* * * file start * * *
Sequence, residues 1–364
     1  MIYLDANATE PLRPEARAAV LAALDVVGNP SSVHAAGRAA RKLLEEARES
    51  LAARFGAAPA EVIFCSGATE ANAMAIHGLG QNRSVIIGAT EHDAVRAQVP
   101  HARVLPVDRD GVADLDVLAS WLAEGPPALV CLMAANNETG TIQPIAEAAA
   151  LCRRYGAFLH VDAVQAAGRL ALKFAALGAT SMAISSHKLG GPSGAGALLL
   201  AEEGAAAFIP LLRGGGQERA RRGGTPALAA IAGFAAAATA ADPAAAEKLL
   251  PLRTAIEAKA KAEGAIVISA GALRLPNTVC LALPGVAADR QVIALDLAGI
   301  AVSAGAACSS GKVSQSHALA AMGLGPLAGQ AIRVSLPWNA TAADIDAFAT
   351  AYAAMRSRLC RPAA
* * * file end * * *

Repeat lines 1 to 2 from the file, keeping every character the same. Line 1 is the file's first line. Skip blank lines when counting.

Sequence, residues 1–364
     1  MIYLDANATE PLRPEARAAV LAALDVVGNP SSVHAAGRAA RKLLEEARES